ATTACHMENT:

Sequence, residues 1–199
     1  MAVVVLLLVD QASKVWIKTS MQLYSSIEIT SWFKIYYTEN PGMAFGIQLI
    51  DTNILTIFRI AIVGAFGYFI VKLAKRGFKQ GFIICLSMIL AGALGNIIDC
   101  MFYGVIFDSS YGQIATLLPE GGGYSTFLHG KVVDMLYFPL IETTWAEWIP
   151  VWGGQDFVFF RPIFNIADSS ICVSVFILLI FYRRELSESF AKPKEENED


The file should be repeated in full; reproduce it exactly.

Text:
Sequence, residues 1–199
     1  MAVVVLLLVD QASKVWIKTS MQLYSSIEIT SWFKIYYTEN PGMAFGIQLI
    51  DTNILTIFRI AIVGAFGYFI VKLAKRGFKQ GFIICLSMIL AGALGNIIDC
   101  MFYGVIFDSS YGQIATLLPE GGGYSTFLHG KVVDMLYFPL IETTWAEWIP
   151  VWGGQDFVFF RPIFNIADSS ICVSVFILLI FYRRELSESF AKPKEENED